MONTROSE - What started as debates between friends about community issues has evolved into a weekly forum with a life all its own.
Almost three years ago, Montrose residents Jim Austin and Ted Dickinson were in a heated discussion about Montrose County’s legal battles regarding its contracted fixed-based operator and iJetAway Aviation, Austin said in a recent interview with The Watch.
"We thought what a hell of a thing to have a subject like that and no one knows about it," Austin said.
And so The Forum was born, and managed by Austin and Dickinson until Dickinson's unexpected death, earlier this year. Montrose resident Peter Crowell now helps Austin.
Every Wednesday, community members gather at Heidi's Brooklyn Deli in the Oxbow shopping center at 8 a.m.
The crowd – both size and temperament – depends on the subject that week, and at times the deli is standing room only.
John Nelson, a retired legal specialist and businessman, is a regular at The Forum.
"I come because of the diverse subjects and the fact that you have the ability to ask questions and make comments. There's not a lot of places you can do that," he said.
Over the years, forum subjects have ranged from tax proposals on the upcoming ballot to the city's construction of a roundabout – but the objective is always the same: create a more educated society.
"One thing that's been different in Montrose is that you have 16 new people in new jobs," Austin said.
In the past year, Montrose has acquired a new city manager, district attorney and school district superintendent – to name just a few. The Forum has been an outlet for those people to meet and address the community, he said.
"We try to do something different every week, but none of the subjects are really related," Austin said.
The only thing The Forum has avoided is politics. The organizers decided that the forum is not the right place for political candidates to speak, though they can attend and hand out information, Austin said.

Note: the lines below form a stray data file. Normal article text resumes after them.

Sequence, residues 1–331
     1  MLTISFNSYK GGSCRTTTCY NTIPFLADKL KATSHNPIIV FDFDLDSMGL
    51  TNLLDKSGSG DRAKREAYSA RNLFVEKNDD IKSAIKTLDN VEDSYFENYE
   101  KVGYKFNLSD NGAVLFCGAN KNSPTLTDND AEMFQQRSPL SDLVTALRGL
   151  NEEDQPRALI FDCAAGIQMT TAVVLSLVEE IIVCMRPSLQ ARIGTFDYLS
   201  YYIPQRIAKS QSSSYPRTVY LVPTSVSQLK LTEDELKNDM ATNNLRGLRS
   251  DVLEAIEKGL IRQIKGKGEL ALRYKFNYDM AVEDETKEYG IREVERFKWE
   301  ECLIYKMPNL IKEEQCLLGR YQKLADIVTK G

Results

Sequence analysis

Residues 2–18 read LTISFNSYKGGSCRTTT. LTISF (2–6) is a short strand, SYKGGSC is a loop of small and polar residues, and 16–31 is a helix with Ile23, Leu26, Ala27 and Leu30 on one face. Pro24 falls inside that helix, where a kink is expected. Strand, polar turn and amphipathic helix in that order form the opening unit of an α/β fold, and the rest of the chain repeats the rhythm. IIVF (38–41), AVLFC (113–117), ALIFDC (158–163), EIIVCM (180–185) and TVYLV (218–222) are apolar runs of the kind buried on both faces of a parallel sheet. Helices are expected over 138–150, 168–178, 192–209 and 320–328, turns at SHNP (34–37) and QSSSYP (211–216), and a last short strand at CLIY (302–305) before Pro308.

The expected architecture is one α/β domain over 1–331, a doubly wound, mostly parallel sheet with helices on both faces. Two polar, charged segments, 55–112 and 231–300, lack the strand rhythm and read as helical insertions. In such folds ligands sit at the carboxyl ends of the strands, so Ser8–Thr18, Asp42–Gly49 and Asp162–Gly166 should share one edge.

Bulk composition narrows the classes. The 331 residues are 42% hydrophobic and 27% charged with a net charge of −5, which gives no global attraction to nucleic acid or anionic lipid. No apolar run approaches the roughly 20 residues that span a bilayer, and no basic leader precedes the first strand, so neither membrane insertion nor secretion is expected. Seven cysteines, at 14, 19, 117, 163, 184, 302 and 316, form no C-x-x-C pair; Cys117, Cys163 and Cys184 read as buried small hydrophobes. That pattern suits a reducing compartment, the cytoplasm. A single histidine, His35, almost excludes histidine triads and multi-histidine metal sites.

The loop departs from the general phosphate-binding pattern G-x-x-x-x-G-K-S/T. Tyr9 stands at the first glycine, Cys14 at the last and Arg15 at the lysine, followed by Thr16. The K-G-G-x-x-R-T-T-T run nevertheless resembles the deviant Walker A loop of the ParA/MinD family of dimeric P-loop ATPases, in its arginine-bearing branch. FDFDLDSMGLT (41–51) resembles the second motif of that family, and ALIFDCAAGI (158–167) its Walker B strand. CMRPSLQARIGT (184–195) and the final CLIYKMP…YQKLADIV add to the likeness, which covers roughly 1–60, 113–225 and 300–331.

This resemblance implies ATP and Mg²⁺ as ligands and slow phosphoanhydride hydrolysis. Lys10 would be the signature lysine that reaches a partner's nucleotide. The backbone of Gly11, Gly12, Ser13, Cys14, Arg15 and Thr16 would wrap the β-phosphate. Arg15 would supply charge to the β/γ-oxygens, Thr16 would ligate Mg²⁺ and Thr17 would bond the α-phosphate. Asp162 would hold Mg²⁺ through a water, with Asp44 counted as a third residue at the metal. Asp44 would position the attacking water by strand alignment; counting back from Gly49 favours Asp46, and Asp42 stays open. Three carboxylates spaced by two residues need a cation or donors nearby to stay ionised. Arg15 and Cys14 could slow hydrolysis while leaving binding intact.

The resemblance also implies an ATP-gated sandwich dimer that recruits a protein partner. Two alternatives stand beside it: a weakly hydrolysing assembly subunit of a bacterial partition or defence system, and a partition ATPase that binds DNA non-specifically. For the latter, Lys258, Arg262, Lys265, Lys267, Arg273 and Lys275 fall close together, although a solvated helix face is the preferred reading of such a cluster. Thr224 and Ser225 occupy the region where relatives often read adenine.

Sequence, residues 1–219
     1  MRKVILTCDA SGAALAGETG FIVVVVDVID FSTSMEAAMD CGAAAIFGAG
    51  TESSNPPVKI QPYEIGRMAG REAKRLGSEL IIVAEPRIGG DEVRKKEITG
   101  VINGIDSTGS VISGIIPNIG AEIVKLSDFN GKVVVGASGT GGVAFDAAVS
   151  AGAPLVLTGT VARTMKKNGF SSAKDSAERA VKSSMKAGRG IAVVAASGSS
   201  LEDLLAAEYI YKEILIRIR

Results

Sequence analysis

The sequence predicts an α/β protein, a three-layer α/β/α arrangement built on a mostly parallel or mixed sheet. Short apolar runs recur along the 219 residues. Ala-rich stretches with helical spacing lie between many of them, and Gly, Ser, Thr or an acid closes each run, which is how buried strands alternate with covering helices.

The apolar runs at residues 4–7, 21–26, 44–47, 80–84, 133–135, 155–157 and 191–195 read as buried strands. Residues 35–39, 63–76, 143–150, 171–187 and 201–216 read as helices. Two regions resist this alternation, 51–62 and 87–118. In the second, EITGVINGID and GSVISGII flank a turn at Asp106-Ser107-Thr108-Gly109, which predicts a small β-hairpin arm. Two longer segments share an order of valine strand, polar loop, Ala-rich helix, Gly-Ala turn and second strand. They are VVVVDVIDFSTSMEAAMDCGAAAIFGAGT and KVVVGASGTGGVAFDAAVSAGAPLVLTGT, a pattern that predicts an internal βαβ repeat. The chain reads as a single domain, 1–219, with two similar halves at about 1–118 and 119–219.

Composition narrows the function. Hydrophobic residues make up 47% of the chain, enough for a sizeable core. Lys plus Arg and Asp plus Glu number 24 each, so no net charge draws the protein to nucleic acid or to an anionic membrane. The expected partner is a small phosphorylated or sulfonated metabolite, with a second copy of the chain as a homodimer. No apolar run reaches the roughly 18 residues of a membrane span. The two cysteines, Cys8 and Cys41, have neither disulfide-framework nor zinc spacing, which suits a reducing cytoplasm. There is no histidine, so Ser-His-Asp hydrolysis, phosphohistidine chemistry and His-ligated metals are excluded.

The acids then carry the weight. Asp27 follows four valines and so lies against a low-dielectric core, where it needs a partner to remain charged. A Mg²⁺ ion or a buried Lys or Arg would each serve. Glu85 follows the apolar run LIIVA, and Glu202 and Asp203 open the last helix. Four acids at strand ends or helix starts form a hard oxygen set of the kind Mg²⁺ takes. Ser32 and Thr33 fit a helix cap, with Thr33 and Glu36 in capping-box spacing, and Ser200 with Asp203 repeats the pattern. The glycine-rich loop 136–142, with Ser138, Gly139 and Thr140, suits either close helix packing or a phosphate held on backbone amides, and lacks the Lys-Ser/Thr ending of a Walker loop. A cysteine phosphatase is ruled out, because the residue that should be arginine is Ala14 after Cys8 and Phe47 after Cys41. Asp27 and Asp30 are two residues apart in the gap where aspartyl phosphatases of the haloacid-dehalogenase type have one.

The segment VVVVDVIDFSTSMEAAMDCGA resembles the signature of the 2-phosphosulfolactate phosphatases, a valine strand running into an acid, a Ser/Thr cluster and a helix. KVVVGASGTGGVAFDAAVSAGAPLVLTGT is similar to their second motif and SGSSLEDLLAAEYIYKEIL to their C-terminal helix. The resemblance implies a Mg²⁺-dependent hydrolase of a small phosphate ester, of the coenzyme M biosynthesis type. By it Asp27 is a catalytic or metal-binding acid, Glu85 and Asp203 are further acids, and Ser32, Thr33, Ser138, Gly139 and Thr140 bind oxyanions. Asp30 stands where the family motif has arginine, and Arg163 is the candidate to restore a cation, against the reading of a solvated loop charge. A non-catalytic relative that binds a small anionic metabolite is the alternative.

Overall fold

Montrose County Commissioner candidate Jim Haugsness said he enjoys how The Forum spurs discussion but maintains a respectful environment for residents to ask questions and share their thoughts.
Education is a big component, so at various times, different groups are invited to share what they do within the community.
On April 11, three members of the Montrose High School speech and debate team executed one of its debates from earlier in the school year in front of the crowd. They used The Forum to educate the community about the team (and how it’s funded).
As proponents of debate, the high school students recognized the importance of a community venue for discussing current issues.
"Debate definitely helps us be more educated, and that helps the public, because if educated youth know what they are talking about, the government will be left with a younger generation that is more wise," debate student Megan Murray said.
Her classmate Eve Franck agreed, saying, "We want the entire population to be more educated. It's really important at any age."